>> How far would coal be shipped in hoppers?
ALL tariffs after the creation of the ICC were subject to regulation
and review. In order to ship commodity X from point A to point B there
had to be a tariff on file. Shippers as well as other railroads could
comment on or protest a tariff filing. But once the tariff from A to B
was in place, then ANY railroads that could fulfill that movement could
offer to move commodity X under the tariff to all potential shippers.
Why the roundabout explanation? Because A to B may not be a straight line.
Railroad P may have a direct route from A to B, but railroad Q might have
to go from A to C to B, possibly adding HUNDREDS of miles to the route. In
that case, the rate is the SAME regardless of the distance. Why would Q do it?
Many reasons are possible. Q might figure that a little extra tonnage on
their daily A-to-C or C-to-B freights is a tiny fractional cost, so why not?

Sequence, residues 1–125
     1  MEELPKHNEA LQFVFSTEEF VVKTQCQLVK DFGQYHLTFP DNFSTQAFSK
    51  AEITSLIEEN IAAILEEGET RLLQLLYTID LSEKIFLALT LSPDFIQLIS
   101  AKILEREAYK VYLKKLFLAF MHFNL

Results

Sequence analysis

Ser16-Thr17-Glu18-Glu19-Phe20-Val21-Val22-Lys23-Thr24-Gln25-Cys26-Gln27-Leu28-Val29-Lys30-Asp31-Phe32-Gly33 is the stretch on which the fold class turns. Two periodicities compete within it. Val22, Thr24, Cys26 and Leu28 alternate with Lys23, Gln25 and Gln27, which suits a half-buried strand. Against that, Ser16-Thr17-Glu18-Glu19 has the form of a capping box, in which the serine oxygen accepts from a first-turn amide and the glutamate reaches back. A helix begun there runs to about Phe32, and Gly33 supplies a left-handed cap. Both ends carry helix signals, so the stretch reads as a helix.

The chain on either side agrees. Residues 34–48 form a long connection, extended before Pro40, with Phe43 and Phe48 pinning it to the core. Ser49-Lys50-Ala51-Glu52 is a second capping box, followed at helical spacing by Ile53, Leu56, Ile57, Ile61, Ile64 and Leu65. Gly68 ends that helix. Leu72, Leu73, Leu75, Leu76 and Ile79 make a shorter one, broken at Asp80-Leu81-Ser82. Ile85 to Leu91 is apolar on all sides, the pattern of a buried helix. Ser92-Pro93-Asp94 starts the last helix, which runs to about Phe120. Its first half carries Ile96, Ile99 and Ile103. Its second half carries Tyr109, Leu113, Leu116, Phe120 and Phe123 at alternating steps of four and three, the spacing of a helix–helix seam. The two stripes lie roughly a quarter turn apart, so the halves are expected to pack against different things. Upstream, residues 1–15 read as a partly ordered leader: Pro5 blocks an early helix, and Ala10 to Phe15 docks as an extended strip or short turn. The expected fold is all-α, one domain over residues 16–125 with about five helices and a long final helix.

Or maybe they're doing it to spite railroad P. Real examples abound, so we
know it happened all the time. My favorite example is Peoria to St Louis
via the CNW (less than 200 miles), and the Rock Island signed on to the
same tariff and had to haul the cargo Peoria to Kansas City, and back to
St Louis - about 600 miles!
In general, though, "steam coal" was widely available around the country so
the average haul was definitely less than 500 miles. Special grades of coal
such as met coal or anthracite could travel much farther because it wasn't
found in all coal deposits.